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New Mexico Telegram » CD1, Featured » Lujan Grisham blowout could mean no more swing Congressional districts

Lujan Grisham blowout could mean no more swing Congressional districts

When I spoke to each of the three Democratic candidates for New Mexico’s 1st Congressional district, Eric Griego insisted that the seat was no longer in play for Republicans.

“This is a Democratic district,” Eric Griego told the New Mexico Telegram in a wide-ranging interview in March. “It will elect a Democrat.”

Griego ended up losing the 1st Congressional District Democratic primary to Michelle Lujan Grisham, but his prediction proved true; Lujan Grisham easily won election over Republican Janice Arnold-Jones, nearly hitting the 60 percent mark.

Arnold-Jones’ election was the latest in a list of different types of Republicans put forward since Heather Wilson left the seat in 2008 for her first run for U.S. Senate. That year, Republicans put forward conservative Bernalillo County Sheriff Darren White. In 2010, Hispanic businessman Jon Barela was the party’s choice. In the Republican wave year, Barela was unable to knock off Heinrich.

Then Republicans tried to replicate the Heather Wilson magic with another moderate woman — Arnold-Jones. Arnold-Jones had a sterling reputation as “Lady Sunlight” (or Lady Sunshine according to her Twitter account) for bringing webcasting to the state legislature.

The result? A 59 percent to 41 percent victory for Lujan Grisham over Arnold-Jones. This is the second time in three races that Democrats have cleared the 55 percent barrier in the 1st Congressional District.

In large part, this is thanks to the dominance of Democrats in Bernalillo County which makes up the vast majority of the 1st Congressional District — Lujan Grisham won 59.66 percent to 40.09 percent in Bernalillo county.

Before the 2008 election, Democrats had never held the race, but had come tantalizingly close in 2006.

In that election, Wilson beat former Attorney General Patricia Madrid by just 861 votes. Wilson had previously won with 54.4 percent in 2005 and 55.34 percent in 2002.

The 2000 and 1998 races were anomalies thanks to a strong Green Party candidate. Wilson won with 50.34 percent of the vote in a race with a strong Green Party candidate in 2000. Another strong Green Party candidate meant that 48.44 percent was good enough for a 7 percent victory over the Democrat Phillip Maloof.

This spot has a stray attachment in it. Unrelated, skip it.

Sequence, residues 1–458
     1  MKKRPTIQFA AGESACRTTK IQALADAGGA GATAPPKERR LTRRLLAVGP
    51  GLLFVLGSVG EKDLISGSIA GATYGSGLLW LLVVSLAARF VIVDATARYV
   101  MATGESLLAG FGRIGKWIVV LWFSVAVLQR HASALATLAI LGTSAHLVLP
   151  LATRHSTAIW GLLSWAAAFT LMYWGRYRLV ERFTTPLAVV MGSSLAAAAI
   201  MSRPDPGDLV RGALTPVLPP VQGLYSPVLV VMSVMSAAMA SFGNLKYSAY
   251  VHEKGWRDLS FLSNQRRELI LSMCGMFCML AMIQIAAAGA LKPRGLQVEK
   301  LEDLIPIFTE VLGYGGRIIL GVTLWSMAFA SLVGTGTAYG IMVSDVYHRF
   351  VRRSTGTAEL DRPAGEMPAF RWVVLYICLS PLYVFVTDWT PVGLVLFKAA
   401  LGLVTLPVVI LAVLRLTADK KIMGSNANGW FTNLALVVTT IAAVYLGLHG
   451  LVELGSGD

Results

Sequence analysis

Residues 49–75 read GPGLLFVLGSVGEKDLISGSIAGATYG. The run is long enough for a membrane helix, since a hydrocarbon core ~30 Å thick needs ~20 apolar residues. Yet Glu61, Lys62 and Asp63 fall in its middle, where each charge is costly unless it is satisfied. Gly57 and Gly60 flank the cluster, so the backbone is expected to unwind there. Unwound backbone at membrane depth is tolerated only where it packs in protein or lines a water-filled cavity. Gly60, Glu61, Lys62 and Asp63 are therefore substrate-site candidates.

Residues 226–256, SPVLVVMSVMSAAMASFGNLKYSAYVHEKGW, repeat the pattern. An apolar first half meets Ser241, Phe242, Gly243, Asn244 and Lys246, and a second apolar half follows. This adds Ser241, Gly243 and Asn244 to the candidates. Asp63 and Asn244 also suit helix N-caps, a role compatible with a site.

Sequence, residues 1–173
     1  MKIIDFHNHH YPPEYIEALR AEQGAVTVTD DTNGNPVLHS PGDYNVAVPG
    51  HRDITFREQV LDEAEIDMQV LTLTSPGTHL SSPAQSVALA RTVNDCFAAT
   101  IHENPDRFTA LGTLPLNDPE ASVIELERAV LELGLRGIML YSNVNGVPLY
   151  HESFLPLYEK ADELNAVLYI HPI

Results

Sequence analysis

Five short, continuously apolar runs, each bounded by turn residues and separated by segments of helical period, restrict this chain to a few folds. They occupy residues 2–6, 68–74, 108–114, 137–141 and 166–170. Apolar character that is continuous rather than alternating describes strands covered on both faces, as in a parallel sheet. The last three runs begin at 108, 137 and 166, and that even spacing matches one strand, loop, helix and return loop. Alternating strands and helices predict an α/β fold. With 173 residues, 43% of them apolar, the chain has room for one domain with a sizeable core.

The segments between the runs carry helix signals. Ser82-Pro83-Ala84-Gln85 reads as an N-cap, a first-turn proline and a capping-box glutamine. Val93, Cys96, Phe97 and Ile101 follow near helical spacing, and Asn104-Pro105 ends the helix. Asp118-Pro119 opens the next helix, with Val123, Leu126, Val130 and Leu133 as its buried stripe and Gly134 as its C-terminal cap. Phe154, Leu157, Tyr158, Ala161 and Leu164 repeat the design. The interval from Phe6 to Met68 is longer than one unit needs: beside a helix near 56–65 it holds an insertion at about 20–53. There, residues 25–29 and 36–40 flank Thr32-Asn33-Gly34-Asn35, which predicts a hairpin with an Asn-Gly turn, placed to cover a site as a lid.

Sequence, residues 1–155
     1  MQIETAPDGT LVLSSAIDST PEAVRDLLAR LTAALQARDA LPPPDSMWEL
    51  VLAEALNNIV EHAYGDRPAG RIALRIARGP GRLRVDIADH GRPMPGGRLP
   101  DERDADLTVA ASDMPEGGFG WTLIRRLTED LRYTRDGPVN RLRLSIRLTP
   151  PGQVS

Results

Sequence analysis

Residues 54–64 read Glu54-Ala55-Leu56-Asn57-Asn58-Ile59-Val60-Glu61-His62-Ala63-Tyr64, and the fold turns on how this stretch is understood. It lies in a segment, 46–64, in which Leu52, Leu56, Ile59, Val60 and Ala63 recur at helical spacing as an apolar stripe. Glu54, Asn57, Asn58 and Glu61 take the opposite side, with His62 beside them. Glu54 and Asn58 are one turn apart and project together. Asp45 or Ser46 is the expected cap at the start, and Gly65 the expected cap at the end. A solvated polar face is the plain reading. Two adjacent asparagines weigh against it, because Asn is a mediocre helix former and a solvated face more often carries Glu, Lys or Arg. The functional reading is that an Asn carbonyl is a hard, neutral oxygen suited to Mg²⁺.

Before this, there were rarely close races in the district. Steve Schiff won by more than 55 percent in all but one race — his initial race against Tom Udall. The two were running to replace Manuel Lujan.

Lujan himself served for ten terms and only had races within ten percent three times — and only once since New Mexico earned a third congressional district in 1982.

In other words, this was a district that was a reliably Republican district for years.

Now it looks like the race is only competitive when there is a Republican wave year — if that. The race was never on the radar for national Republicans or the conservative Super PACs and non-profits that played heavily in dozens of races around the country.

The margin was similar to the reliably Republican 2nd Congressional District where Republican Steve Pearce won 59 percent to 41 percent over an unknown Democrat name Evelyn Madrid Erhard. In the 3rd Congressional District, Democrat Ben Ray Lujan won 63 percent to 37 percent over Jefferson Byrd.

The three wide margins could show that congressional races will be early calls in coming elections — at least until the next redistricting.

Written by

Matthew Reichbach has blogged about New Mexico politics since 2006. Matthew was a co-founder of New Mexico FBIHOP with his brother and part of the original hirings at the groundbreaking website the New Mexico Independent. Matthew has covered events such as the Democratic National Convention and Netroots Nation. In addition to politics, Matthew is an avid sports fan, especially of the Los Angeles Dodgers, and TV fan.

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